Temperature reduces solvent vapour pressure to reduce gas phase crystallisation

To examine the role of vapour pressure on gas phase crystallisation (independent of solvent concentration), the temperature of a 3 M NH3 solvent was reduced from 20 to 5 °C, which reduced the vapour pressure from 6.1 to 2.9 kPa [30]. This also has implications for shell-side crystallisation, since the reduction in temperature lowers the solubility limit for NH4HCO3 by 30%, which favours the onset of nucleation at lower CO2 concentrations (Appendix B, Fig. B1). Initial CO2 flux was slightly lower at 5 °C than at 20 °C which can be explained by the reduced reaction kinetics (Fig. 6[45]. However, when operating at the lower solvent temperature, a more consistent CO2 flux was sustained over a longer duration, resulting in a supersaturated solvent. Crystallisation was first observed on the shell-side in the 5 °C solvent at a theoretical C/C*of 1.34, corresponding to a CO2/NH3 loading of 0.78. In addition to crystals collected from the solvent, nucleation was coincident with crystal growth on the fibre which were identified through direct observation (Fig. 7). Crystals formed on the fibre section closest to the CO2 inlet were of larger diameter and greater in number, indicating that the concentration boundary layer at the membrane-solution interface plays a role in mediating nucleation.

Fig. 6. Effect of absorbent temperature (3 M L−1 NH3 in recirculation) on reactive membrane crystallisation. Cumulative carbonate ratio compares CO2 absorbed to HCO3 concentration at saturation. Conditions: PTFE membrane (µm pore size). Error bars indicate standard deviation. Horizontal lines indicates ammonium bicarbonate solubility at 20 °C (red) and 5 °C (blue).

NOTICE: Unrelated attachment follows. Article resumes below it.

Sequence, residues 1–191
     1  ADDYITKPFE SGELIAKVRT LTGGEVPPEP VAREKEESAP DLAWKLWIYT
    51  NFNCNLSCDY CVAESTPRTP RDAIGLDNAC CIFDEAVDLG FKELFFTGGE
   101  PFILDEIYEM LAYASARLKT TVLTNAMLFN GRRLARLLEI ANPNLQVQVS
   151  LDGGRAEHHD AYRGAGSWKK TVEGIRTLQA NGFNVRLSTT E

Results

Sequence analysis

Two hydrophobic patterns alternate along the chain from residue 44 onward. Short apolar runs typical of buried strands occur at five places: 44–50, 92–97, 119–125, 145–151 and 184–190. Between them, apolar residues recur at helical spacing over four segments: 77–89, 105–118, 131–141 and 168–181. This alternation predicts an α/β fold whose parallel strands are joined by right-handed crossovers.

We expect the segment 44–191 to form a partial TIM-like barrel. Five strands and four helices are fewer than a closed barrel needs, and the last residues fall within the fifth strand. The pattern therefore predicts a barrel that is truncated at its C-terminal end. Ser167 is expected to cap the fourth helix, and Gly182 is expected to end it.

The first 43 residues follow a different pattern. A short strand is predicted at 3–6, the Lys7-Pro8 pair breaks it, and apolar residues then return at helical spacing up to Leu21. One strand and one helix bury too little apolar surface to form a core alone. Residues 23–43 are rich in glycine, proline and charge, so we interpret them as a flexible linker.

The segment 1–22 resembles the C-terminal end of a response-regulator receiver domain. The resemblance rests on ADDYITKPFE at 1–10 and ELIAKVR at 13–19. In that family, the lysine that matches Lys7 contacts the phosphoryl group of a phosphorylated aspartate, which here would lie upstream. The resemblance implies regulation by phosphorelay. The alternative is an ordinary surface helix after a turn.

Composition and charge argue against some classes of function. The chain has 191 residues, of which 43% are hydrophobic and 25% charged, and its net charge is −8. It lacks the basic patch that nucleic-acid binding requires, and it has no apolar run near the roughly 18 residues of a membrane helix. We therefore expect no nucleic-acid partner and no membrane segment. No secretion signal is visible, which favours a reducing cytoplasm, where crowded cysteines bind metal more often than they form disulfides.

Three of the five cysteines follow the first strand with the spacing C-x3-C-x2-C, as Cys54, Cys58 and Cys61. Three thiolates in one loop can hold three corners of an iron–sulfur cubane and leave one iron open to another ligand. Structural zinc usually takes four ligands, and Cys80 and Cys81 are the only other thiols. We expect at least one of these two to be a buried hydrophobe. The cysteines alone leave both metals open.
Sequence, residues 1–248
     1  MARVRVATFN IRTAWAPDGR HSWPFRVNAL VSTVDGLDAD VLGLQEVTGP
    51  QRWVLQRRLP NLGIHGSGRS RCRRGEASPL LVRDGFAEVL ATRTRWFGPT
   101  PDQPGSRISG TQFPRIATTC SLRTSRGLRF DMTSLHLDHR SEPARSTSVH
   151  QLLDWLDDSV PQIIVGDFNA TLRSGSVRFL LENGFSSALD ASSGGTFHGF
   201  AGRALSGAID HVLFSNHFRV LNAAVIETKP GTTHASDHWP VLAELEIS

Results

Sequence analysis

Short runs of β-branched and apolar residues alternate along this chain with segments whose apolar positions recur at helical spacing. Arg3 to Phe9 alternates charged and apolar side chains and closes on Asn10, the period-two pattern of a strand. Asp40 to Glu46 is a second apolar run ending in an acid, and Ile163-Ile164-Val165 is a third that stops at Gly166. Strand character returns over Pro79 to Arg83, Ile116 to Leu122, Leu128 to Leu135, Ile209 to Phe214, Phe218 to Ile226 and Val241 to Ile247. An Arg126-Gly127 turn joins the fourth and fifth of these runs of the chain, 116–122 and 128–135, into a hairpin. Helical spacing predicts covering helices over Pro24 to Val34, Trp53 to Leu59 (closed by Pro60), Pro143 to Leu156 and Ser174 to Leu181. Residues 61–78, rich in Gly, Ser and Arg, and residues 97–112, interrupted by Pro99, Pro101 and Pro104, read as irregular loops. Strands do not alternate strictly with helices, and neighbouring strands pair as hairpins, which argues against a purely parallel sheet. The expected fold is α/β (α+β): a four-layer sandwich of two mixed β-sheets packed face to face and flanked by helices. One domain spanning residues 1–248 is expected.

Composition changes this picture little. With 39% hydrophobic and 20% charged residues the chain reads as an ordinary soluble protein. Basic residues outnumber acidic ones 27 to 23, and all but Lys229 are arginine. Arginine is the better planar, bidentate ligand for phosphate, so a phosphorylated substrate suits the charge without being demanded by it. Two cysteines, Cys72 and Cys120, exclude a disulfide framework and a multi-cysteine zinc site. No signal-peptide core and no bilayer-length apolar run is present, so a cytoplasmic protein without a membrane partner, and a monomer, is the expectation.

Fig. 7. Evidence for shell-side crystal nucleation using PTFE membrane using direct observation technique: (a) gas inlet (lumen), and aquaous ammonia outlet (shellside); (b) centre point of fibre; and (c) gas outlet (lumen) and aqueous ammonia inlet (shellside). Pore size, dmax 3.4 µm; initial ammonia concentration, 3 M; liquid temperature, 5 °C.

Wetting occurred soon after shell-side crystallisation in the 5 °C solvent, as evidenced by a reduction of gas flow at the outlet of the lumen, and the bubbling of CO2 into the liquid phase. This is in contradiction to observations at 20 °C where wetting was ostensibly followed by lumen-side crystallisation (Fig. 1). The membrane has been hypothesised to lower the activation energy for nucleation due to the interfacial energy of PTFE (contact angle, ∼135°; [6], where the heterogeneous substrate can lower the level of supersaturation required for induction (ΔGhet/ΔGhom, ∼90%; [10]:(16)ΔGhetΔGhom=0.252+cosθ1-cosθ21-ε1+cosθ21-cosθ23

This expression has been adjusted to account for the membrane porosity (ε) which can also mediate local supersaturation in the region where the membrane (solid phase), liquid and gas phases intersect [26]. We propose that nucleation within the pores on the shell-side of the membrane for the 5 °C solvent subsequently alters the material contact angle, reducing the breakthrough pressure of the solvent which promotes pore wetting following shell-side crystallisation, leading to the transmission of solvent into the gas phase [34].

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